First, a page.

The law would instantly make criminal of anyone possessing a magazine with more than 10 round capacity. There must be an an NRA member in Philly with a Glock 17 etc. If the law were constitutional, it would make posession illegal, not dependant on being caught with or carrying.

K-Romulus
May 2, 2008, 01:01 PM
The magazine ban somewhat mirrors the New jersey ban: up to 16-rounders are allowed, BUT internal magazines are limited to 10 rounds :confused:.

Well, what did you expect from that brain trust known as the Phila. City Council?! :rolleyes:

http://webapps.phila.gov/council/attachments/5102.pdf

§10-821a. Contraband Weapons, Accessories and Ammunition.
....
(2) Definitions.

(a) "Assault weapon." The term includes the following:
----(.3) Any semiautomatic, center-fire rifle with a fixed magazine that
has the capacity to accept more than ten rounds of ammunition.
....

(c) “Contraband Weapons, Accessories and/or Ammunition.” Any assault
weapon, bazooka, recoilless rifle, grenade, rifle grenade launcher, anti-tank gun, flamethrower,
rocket, mortar, bomb, mine, booby trap, large capacity magazine, large capacity
ammunition belt, weapon silencer, expanding type conical bullet available in handgun
chamberings :confused: , or other weapon, device, accessory or ammunition, designed or intended to
cause injury or death to persons or damage to property for which no common lawful
purpose exists, any item defined as an "offensive weapon" under the Act of December 6,
1972, P.L. 1482, No. 334, sec. 1, as amended, 18 Pa. C.S.A. 908(c) or any other military
style weapon from which a projectile, harmful fluid or gas may be propelled.
....

(h) “Large Capacity Magazine.” Any box, drum or other container which holds
more than sixteen (16) rounds of ammunition to be fed continuously and directly
therefrom into a semi-automatic weapon, or a magazine which can be readily converted
into such a device.

and:

(3) Prohibited Conduct.
No person shall own, use, possess or transfer any contraband weapon, accessory or
ammunition; provided however, that any person who, prior to the effective date of this
Section, was legally in possession of a weapon or device prohibited by this Section shall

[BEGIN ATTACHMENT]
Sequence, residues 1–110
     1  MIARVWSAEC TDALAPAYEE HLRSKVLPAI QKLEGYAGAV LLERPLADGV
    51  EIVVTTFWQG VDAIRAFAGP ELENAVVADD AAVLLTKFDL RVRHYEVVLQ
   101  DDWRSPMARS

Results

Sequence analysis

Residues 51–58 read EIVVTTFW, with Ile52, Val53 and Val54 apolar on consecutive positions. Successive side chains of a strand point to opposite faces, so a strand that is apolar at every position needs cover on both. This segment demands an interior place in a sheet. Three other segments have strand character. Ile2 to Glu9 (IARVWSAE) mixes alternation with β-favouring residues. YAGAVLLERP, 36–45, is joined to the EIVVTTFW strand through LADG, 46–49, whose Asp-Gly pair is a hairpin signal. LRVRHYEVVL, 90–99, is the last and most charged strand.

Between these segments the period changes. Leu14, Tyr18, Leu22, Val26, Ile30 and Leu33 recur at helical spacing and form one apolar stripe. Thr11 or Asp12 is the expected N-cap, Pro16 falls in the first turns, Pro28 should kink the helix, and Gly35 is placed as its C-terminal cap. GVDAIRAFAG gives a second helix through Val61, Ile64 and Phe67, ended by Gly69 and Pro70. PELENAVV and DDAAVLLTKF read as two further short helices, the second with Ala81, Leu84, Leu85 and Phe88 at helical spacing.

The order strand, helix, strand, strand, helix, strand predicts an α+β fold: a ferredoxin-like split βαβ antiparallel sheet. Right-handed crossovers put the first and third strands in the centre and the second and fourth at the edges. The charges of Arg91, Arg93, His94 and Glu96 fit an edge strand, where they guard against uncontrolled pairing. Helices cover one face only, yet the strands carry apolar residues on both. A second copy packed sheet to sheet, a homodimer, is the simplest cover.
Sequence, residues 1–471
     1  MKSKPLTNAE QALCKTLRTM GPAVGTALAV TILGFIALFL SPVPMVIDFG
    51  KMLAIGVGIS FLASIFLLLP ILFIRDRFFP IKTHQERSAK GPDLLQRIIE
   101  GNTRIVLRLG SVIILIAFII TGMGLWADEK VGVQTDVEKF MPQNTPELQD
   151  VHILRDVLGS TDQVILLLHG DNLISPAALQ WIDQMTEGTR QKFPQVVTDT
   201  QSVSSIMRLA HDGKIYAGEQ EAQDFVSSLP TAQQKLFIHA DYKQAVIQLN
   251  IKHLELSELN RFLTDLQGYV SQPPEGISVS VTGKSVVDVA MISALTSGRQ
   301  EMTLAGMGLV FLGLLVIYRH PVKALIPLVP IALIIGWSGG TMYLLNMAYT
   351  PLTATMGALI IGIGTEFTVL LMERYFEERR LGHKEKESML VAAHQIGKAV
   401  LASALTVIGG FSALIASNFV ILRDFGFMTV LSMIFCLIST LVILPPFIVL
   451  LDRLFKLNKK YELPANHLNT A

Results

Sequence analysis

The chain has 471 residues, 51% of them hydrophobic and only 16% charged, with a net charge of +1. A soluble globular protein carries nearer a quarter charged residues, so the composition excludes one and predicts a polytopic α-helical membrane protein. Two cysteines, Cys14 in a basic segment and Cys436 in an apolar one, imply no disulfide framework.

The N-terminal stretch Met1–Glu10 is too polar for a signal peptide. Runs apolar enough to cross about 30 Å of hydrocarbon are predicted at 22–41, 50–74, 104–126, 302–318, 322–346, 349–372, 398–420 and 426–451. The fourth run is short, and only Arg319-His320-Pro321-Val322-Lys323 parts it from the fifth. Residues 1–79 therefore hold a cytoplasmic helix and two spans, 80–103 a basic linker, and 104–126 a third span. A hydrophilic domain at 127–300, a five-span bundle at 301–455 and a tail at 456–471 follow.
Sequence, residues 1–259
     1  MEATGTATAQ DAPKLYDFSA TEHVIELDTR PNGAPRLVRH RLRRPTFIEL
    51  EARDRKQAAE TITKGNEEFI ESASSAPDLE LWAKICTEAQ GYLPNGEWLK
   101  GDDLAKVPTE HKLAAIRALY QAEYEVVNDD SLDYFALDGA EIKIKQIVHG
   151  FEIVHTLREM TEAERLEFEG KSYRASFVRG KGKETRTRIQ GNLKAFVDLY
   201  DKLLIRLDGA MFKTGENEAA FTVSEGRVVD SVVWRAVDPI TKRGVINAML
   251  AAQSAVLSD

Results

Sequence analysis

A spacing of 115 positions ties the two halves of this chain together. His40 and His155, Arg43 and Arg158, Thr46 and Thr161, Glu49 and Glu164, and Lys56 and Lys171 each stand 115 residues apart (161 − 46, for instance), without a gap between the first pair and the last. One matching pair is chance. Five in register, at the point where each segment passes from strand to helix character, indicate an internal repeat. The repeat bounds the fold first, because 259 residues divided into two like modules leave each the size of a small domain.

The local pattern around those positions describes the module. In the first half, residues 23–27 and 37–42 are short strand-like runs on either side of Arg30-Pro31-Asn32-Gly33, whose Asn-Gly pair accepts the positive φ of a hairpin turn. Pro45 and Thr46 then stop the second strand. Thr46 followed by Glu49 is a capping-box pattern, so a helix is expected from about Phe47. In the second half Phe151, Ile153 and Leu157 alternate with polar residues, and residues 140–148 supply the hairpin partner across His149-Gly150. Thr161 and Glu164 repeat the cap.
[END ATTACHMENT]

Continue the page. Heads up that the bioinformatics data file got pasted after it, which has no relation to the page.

have thirty (30) days from the effective date of this Section to do any of the following
without being subject to prosecution hereunder;

(a) remove said contraband weapon, accessory and/or ammunition from
within the City limits of Philadelphia; or

(b) modify said contraband weapon, accessory and/or ammunition to either
render it permanently inoperable or to permanently make it a device no longer defined as
contraband under this Section; or

(c) surrender it to the Police Department.

(4) Exceptions.
(a) This Section shall not apply to employees of the Philadelphia Police
Department, and the Philadelphia Sheriff’s Department when conduct otherwise
prohibited by this Section is authorized by rules promulgated by such Department.

(b) The Police Department shall, by regulation, specify procedures whereby
persons permitted to own, possess, transfer, deliver, or manufacture contraband weapons,
accessories and/or ammunition notwithstanding the provisions of this Section may obtain
certification of such exempt status, upon proving the basis of their exemption, and upon
payment of a reasonable fee set by the Department to defray the cost of such certification
process.

(5) Penalties.
Any person violating any provision of this Section shall be subject to a fine of not more
than three hundred (300) dollars and to imprisonment for not more than ninety (90) days
or both. Prosecution under this Section shall be subject to the defenses and exemptions
set forth in 18 Pa. C.S.A. 908(b), as amended.

Sage of Seattle
May 2, 2008, 01:27 PM
Quote:prohibit gun possession by people subject to protection from abuse orders

Is this right? Is this saying that a battered wife who gets a restraining order against an ex-husband can't own a gun? I assume it must be a mistake.

MechAg94, one could read it in two ways:

prohibit gun possession by people subject to protection from "abuse orders"

or

prohibit gun possession by people subject to "protection from abuse" orders

The latter not the former is the correct reading in this case, IMO.

armoredman
May 2, 2008, 01:31 PM
Defenseless abused people who cry for more government intereferance make excellent serfs.